Joe: Another fabuloso Romita cover, which is always welcome, must have had this one leaping off the shelves. Well, it is the Tarantula, so who knows about all that. A very good issue that had me interested all the way, with Gerry and Ross firing on all cylinders. Some stuff of note: Was no one watching Tarantula as he made his pointy shoes in the prison shop? I mean, really. I don't think he'd be able to hide those so easily…I love that May says the hospital feels like her "home away from home" to the nurse. And to the readers for sure!...Loved MJ's super-mad face, Peter sorta deserves it even though he's all messed up in the love department…There are so many little humorous asides with the citizens as Spidey and Tarantula battle that it almost seems like too many, but the VW one actually made me smile it was so absurd. But how the heck does a car's battery die just because it stopped in the middle of the street?...Mike Esposito, yay!...And have I ever mentioned how much I hate the slimy, no-good low-down dirty-bird, poopie-head Jackal?

Fave sound effect this month: I was tempted to go with the evil laugh of the Jackal for sheer gutter-trash nastiness, or the sound the VW Bug made when it flitted around, but instead I think I'll go with "PONGG!" on page 27, the sound the Tarantula's spike makes when it gets Spidey in the back. A curious sound really, since that sounds more like something bouncing off something else, not a guy being jabbed in the back by a goofy shoe. Well, they can't all be winners.

Matthew: “Partners for Life” Andru and Esposito have drawn Spidey before, e.g., Marvel Team-Up #1, and the sometime Mickey Demeo (attention, Professor Joe) shares credit here with Hunt, but this marks the start of their long run on ASM; fans of a certain Freaks star will be gratified to know I’ve chosen “Rossito” as their collective name.  It’s a deliberately bizarre story as the Jackal—now his proper hue after last issue’s olive-drab-erration—pulls out all the stops to bemuse poor Peter, and we get the historic first use of the “C” word regarding the faux-Gwen.  I’ve always associated the Tarantula with ol’ Jackie and this arc, thus giving him a heft he might otherwise have lacked...although the Punisher wasn’t exactly low-profile company.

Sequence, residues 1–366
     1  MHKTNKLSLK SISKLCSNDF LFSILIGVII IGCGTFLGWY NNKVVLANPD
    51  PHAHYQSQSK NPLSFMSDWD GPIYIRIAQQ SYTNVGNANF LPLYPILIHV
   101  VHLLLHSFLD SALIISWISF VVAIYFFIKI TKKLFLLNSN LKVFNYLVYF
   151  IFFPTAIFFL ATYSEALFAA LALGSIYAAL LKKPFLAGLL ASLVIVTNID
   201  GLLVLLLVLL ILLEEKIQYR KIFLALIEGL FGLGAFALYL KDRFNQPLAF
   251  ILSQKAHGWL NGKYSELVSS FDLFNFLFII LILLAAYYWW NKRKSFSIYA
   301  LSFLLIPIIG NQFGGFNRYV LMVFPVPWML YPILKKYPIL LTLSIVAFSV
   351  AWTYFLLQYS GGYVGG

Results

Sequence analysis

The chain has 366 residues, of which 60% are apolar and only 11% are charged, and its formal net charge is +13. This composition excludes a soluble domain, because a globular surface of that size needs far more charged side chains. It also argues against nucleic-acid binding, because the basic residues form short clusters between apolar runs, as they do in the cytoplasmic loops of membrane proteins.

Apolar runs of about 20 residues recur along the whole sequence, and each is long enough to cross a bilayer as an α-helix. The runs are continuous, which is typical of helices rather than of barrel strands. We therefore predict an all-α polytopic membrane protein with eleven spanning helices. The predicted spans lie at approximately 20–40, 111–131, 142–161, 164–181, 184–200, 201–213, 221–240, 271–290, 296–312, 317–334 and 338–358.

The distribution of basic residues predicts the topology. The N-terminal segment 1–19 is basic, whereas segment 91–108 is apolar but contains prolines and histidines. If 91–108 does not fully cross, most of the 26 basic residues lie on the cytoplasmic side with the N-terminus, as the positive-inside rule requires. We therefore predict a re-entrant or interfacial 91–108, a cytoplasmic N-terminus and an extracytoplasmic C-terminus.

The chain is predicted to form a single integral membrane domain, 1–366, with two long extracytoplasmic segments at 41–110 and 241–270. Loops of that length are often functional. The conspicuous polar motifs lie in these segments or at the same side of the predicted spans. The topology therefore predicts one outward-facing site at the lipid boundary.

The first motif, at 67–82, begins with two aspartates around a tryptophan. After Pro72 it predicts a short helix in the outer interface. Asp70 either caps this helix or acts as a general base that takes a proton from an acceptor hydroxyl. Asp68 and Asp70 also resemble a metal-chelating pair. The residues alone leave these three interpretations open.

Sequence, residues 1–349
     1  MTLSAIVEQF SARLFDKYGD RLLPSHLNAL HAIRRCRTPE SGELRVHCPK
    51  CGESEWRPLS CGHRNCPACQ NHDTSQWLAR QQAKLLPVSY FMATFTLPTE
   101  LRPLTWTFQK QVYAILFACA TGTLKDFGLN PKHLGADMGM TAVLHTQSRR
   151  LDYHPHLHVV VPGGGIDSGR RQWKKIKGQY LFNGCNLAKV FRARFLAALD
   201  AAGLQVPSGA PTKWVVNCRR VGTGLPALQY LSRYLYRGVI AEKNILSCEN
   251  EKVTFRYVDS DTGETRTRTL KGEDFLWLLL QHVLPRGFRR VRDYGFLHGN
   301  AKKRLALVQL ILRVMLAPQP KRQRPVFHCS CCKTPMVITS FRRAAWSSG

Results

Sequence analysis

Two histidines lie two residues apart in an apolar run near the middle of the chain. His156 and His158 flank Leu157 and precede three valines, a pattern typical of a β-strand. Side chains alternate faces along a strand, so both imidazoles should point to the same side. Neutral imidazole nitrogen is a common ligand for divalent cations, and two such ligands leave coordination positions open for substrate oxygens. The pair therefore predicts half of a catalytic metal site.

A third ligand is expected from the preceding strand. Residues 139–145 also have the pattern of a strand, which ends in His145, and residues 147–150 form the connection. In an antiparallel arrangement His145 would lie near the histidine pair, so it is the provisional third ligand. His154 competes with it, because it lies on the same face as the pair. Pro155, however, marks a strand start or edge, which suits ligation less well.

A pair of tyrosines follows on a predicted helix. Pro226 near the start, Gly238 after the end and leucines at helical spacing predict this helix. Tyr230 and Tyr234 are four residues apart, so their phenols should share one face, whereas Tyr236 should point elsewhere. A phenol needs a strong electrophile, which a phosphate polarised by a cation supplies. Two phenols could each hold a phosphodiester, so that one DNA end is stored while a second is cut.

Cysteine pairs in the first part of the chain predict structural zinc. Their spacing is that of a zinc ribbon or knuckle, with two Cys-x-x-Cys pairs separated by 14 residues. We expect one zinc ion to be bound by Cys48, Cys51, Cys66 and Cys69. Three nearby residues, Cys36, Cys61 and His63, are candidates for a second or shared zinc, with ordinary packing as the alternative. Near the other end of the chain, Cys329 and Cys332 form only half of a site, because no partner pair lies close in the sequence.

Mark: South American psycho the Tarantula is back and (after a nonsensical prison break) teamed up with the Jackal! Aunt May gets her Dear Abby groove on, telling MJ to fight for Peter if she loves him ("You gonna fade away, girl, just because Blondie is back from the dead?"*). Ned Leeds tells Pete said Blonde is a clone!

After he has a Gwen mirage freak-out in Mirrors 'r' Us,Spidey is attacked by Tranny in mid-town traffic, a crowded stage that allows Gerry Conway to serve up "humorous" comments from bystanders, including bus riding teens Hymie & Bernie (are they some in-joke I still don't get?). Once Tranny maneuvers Webs onto that bus, it's boarded by the Gwen clone - in zonked-out zombie mode – and the driver reveals himself as the string-pulling Jackal. Tranny drugs Spidey, via a spiky-boot kick in the back, and when he awakes in chains atop the Brooklyn Bridge, Jackie reveals his hatred of our hero began with the death of Gwen Stacy at this very spot! And now it's Spidey plummeting from the bridge...

Even the goofier elements can't derail the propulsive, page-turning energy the creative team brings to what would be Gerry Conway's web-spinning swan song. You will pay for the entire seat on that bus with Hymie & Bernie, but you'll only sit on the edge!

(*Not a direct quote)

Scott McIntyre: I get that Parker’s a bit upset over the treatment he gets from JJJ, but seriously, the guy has a point. He sent Peter down to Florida to get pictures and he comes back empty handed. Not for anything, but I’d be a little ticked off, too. But that doesn’t stop Parker from bitching to Ned Leeds about his treatment.